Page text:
Research Papers

YouTube high risk driving videos: A content analysis of popular street racing videos

Version 1
Date added June 26, 2017
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Category 2017 CARSP XXVII Toronto
Tags Research and Evaluation, Session 3A
Author/Auteur Jane Seeley
Stream/Volet Research and Evaluation

Slidedeck Presentation Only (no paper submitted)

3A_4_Seeley

Abstract

Every month about 1,000,000,000 individuals view YouTube videos and young men are the heaviest users, overall streaming more YouTube videos and watching them longer than women and other age groups. This group is also the most dangerous group in traffic, engaging in more per capita violations and experiencing more per capita injuries and fatalities. YouTube contains many channels portraying risky driving. Yet, none has examined just what videos are most popular and their content. To document and analyze the content of a sample of YouTube high risk driving videos, including high risk driving activities, consequences, comments, likes/dislikes and to assess content in relation to views, sharing and feedback by YouTube viewers. A sample of YouTube videos with the highest view count were identified using the search term "street racing" on a given day. Identifying characteristics such as their URLs, user names, upload date, and number of subscribers, likes and dislikes and comments were recorded. Using a sample of the videos, a coding matrix was developed and tested for inter-rater reliability. A quantitative content analysis was conducted in which a template analysis style was used to code and analyze the data. Our strategy of searching for videos using the term "street racing" and filtering by view count yielding 186,000 videos. A sample of 30 most view videos were selected. Five videos were excluded because they did not meet the selection criteria. Almost all the videos were in the Cars & Vehicles category, but the Entertainment videos had higher counts. View counts ranged from 1,650,405 up to 9,045,488. 11 of the videos were produced by Users whose Channels contained more than 200 videos with at least 35,000 subscribers. Video characteristics coded include whether the video is a compilation or just one scenario; descriptors of the drivers, bystanders, and focus vehicles; the terrain and road conditions; type of video; driving activities; consequences/outcomes; video effects; comments and emotions. Independent coding has been completed. Analysis is ongoing. The presentation will summarize the results of the analysis in terms of the higher order themes identified in the videos for driving activities, consequences and outcomes. Conclusions will be drawn once analysis is completed.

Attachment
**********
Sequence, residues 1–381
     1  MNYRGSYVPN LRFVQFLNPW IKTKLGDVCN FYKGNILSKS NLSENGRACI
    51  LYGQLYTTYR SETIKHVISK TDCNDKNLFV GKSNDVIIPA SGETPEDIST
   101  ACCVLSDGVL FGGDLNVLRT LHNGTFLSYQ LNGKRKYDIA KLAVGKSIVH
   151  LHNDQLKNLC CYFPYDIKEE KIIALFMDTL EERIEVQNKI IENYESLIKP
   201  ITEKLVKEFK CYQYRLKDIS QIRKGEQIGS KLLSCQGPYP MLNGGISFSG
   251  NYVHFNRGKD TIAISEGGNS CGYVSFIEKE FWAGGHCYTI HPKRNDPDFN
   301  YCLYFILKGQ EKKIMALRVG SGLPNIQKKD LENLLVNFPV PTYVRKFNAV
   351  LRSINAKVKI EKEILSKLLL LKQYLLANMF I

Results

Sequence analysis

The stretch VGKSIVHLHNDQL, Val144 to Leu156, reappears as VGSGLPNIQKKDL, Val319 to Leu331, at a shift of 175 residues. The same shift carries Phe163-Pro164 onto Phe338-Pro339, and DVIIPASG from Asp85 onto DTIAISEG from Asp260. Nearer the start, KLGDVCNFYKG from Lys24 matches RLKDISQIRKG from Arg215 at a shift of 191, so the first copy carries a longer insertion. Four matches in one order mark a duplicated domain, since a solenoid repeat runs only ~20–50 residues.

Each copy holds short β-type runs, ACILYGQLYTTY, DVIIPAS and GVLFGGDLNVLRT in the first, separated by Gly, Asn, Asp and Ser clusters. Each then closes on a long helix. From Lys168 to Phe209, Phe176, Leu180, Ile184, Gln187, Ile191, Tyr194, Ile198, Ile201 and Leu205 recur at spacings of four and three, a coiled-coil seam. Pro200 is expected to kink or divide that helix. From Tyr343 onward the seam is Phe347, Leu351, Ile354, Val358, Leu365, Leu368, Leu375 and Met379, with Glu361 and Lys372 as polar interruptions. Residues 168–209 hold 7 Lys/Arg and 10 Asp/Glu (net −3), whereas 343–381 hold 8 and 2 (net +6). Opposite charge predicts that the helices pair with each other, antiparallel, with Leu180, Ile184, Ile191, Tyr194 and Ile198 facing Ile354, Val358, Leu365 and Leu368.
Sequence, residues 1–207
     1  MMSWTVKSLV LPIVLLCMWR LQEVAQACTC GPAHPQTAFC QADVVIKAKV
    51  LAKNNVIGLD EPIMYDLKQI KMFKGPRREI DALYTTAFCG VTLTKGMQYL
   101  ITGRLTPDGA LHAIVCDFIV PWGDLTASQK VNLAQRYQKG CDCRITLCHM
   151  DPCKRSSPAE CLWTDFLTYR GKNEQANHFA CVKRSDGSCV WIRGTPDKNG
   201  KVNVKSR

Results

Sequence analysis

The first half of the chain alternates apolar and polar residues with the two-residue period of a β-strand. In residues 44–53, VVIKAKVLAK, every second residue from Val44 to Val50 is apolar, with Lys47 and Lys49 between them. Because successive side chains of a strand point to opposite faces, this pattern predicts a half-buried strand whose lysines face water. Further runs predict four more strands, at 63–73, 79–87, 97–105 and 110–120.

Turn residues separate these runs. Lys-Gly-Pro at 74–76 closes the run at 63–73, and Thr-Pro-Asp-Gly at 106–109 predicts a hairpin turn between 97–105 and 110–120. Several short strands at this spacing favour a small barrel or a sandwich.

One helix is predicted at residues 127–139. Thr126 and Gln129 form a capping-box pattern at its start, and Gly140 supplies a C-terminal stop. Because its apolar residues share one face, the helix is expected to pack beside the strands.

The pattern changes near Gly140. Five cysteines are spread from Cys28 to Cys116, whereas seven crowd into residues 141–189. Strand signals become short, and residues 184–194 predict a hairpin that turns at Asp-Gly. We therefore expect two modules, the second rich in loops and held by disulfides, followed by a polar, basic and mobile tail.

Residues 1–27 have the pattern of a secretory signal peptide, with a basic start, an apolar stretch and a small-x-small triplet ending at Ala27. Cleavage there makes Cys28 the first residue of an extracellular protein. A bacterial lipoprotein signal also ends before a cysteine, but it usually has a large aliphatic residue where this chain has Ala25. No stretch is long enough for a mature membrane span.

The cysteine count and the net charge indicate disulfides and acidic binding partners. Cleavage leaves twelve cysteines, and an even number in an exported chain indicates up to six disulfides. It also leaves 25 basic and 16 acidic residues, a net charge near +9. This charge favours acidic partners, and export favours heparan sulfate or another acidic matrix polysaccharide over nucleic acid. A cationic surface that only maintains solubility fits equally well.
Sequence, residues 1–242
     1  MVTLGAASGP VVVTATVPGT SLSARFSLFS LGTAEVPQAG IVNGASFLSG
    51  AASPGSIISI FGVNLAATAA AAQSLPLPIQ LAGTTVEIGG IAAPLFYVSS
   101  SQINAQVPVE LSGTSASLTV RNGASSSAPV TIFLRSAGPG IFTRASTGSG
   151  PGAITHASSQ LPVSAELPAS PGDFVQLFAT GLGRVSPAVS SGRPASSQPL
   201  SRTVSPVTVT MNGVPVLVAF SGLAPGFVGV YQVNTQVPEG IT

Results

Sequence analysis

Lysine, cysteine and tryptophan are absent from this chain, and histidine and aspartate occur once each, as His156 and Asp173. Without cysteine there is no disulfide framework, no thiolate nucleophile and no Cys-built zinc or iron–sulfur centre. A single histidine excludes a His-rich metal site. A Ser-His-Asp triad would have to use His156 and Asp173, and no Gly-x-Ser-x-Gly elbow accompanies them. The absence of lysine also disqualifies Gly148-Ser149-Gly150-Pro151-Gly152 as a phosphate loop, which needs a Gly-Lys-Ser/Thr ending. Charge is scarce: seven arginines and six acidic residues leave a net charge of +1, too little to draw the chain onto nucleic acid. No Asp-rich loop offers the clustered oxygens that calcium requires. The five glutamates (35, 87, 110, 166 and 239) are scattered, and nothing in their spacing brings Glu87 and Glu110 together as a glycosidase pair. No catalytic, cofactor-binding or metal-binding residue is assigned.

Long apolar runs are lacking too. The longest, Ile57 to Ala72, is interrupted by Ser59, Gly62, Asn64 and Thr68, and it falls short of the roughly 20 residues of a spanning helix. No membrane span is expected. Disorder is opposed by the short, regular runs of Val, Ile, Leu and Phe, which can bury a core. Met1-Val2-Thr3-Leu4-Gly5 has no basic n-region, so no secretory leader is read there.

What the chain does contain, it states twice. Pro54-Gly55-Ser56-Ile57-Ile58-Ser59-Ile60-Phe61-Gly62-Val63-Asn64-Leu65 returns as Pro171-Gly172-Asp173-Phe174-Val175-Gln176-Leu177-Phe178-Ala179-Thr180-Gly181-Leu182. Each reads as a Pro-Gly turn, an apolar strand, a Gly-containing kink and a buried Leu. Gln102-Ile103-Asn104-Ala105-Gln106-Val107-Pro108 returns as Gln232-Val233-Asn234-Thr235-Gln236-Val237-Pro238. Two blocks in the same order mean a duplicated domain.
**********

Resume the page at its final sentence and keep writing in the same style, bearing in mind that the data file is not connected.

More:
Jane Seeley